ETHER, SECOND IN COMMAND.

ETHER, SECOND IN COMMAND.

October 11, 2021

The world has stood aghast and akimbo in respect to the king of cryptocurrencies (bitcoin). It seems that a greater number of players in the cryptocurrency industry woke up too late after bitcoin had left the kindergarten. As bitcoin continues to break barriers and resisting walls which has made it out of reach for many, the big question has been what is the next outside the confines of bitcoin?

Ether is the next unrefined digital gold in the refining furnace of the cryptocurrency and blockchain industry. What is ether? Ether is the coin second to bitcoin in market capitalization. Ether is a coin while Ethereum is the network upon which ether is programmed on.

Ethereum was initiated in 2013 by vitalik Buterin, one of the major essence of Ethereum network is to give room for programmers to write in and launch their programs.

Transactions under the Ethereum network take a maximum of 15 seconds to complete. As at the time of putting up this article, Ethereum has a total market capitalization of four hundred and two billion, two hundred and eighty five million, five hundred and seventy five Thousand, nine hundred and seventy five Dollars and thirty six cents (402,285,575,975.36 USD)  while its circulating supply stood at 117,880,684 ETH, hence its trading volume is $17,472,133,670. Therefore, the current market price of Ethereum is $3,514.

Crypto and financial analysts have projected the price of ETH to hit $10,000 before the end of the last quarter of 2022.

Mining in the Ethereum blockchain is the creation of block of transactions to be added to the Ethereum blockcahain. Just like bitcoin mining, Ethereum also employs the proof –of-work consensus mechanism.

 

HOW ETHEREUM TRANSACTIONS ARE MINED

  1. A user writes and signs a transaction request with the private key of some account.
  2. The user broadcasts the transaction request to the entire Ethereum network from some node.
  3. Upon hearing about the new transaction request, each node in the Ethereum network adds the request to their local mempool, a list of all transaction requests they’ve heard about that have not yet been committed to the blockchain in a block.
  4. At some point, a mining node aggregates several dozen or hundred transaction requests into a potential block, in a way that maximizes the transaction fees they earn while still staying under the block gas limit. The mining node then:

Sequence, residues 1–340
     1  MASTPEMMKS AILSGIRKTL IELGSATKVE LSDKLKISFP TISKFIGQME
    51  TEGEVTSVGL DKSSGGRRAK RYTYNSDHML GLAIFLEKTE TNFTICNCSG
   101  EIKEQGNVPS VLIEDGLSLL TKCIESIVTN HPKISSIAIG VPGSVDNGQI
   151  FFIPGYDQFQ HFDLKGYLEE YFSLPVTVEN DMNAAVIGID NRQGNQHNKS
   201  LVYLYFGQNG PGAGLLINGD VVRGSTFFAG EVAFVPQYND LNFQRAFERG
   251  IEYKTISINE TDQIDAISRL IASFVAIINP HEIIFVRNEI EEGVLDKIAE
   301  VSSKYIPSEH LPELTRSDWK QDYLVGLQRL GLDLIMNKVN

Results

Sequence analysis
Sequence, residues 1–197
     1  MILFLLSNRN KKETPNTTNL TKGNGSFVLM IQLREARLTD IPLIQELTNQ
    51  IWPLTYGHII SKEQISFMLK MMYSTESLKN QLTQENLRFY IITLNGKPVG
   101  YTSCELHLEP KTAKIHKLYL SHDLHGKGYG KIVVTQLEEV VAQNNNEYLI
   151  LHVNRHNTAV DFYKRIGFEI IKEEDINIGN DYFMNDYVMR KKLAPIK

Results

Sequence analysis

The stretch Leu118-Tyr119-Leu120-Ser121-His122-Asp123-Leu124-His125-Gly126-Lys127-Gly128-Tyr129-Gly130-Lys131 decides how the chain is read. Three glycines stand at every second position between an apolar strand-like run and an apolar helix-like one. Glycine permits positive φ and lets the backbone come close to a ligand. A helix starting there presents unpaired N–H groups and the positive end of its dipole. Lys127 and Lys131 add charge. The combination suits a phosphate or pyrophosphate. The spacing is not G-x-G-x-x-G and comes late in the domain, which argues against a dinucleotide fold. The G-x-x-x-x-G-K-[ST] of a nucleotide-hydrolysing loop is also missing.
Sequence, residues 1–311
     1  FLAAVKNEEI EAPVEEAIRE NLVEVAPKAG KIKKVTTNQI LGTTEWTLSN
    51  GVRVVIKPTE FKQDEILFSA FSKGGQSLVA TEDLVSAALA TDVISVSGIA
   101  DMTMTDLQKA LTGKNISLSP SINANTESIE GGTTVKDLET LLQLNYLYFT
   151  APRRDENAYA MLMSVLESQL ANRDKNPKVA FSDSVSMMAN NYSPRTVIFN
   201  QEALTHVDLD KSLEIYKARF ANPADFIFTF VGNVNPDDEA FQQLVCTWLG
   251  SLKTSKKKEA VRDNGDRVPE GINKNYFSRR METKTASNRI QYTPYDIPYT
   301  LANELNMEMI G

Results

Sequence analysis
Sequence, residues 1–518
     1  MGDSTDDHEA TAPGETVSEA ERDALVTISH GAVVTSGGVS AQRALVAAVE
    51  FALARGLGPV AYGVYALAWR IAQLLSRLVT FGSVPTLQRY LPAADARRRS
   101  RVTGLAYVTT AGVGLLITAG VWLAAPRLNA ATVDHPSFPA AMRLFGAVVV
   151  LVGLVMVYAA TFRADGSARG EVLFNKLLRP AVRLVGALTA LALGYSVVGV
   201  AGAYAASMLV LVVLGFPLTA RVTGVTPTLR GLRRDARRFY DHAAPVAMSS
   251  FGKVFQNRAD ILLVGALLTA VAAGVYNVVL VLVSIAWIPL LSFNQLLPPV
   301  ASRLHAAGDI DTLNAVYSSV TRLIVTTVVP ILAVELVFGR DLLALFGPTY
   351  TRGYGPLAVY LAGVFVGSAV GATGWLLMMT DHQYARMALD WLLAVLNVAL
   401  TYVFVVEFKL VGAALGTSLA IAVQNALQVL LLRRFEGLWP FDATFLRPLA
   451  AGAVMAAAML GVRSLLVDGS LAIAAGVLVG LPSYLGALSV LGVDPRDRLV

1. Verifies the validity of each transaction request (i.e. no one is trying to transfer ether out of an account they haven’t produced a signature for, the request is not malformed, etc.), and then executes the code of the request, altering the state of their local copy of the EVM. The miner awards the transaction fee for each such transaction request to their own account.
    2. Begins the process of producing the Proof-of-Work “certificate of legitimacy” for the potential block, once all transaction requests in the block have been verified and executed on the local EVM copy.
  5. Eventually, a miner will finish producing a certificate for a block which includes our specific transaction request. The miner then broadcasts the completed block, which includes the certificate and a checksum of the claimed new EVM state.
  6. Other nodes hear about the new block. They verify the certificate, execute all transactions on the block themselves (including the transaction originally broadcasted by our user), and verify that the checksum of their new EVM state after the execution of all transactions matches the checksum of the state claimed by the miner’s block. Only then do these nodes append this block to the tail of their blockchain, and accept the new EVM state as the canonical state.
  7. Each node removes all transactions in the new block from their local mempool of unfulfilled transaction requests.
  8. New nodes joining the network download all blocks in sequence, including the block containing our transaction of interest. They initialize a local EVM copy (which starts as a blank-state EVM), and then go through the process of executing every transaction in every block on top of their local EVM copy, verifying state checksums at each block along the way.

Every transaction is mined (included in a new block and propagated for the first time) once, but executed and verified by every participant in the process of advancing the canonical EVM state. This highlights one of the central mantras of blockchain.(ethereum.org)